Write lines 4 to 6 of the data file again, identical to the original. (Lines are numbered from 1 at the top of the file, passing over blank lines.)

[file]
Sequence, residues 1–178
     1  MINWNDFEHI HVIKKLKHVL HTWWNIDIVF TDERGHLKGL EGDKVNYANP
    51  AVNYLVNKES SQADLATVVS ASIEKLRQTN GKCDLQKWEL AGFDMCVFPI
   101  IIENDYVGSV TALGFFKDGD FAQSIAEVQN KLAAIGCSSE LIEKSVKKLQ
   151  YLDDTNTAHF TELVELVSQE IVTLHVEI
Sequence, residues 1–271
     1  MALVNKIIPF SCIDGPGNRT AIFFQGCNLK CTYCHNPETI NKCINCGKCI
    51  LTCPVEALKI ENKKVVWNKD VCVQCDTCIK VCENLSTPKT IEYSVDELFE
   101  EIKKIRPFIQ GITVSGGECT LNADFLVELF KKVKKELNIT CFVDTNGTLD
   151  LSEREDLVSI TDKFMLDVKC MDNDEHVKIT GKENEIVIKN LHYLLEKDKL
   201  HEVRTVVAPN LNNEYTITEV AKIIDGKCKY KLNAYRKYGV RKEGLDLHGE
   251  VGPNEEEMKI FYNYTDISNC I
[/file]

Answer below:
   101  IIENDYVGSV TALGFFKDGD FAQSIAEVQN KLAAIGCSSE LIEKSVKKLQ
   151  YLDDTNTAHF TELVELVSQE IVTLHVEI
Sequence, residues 1–271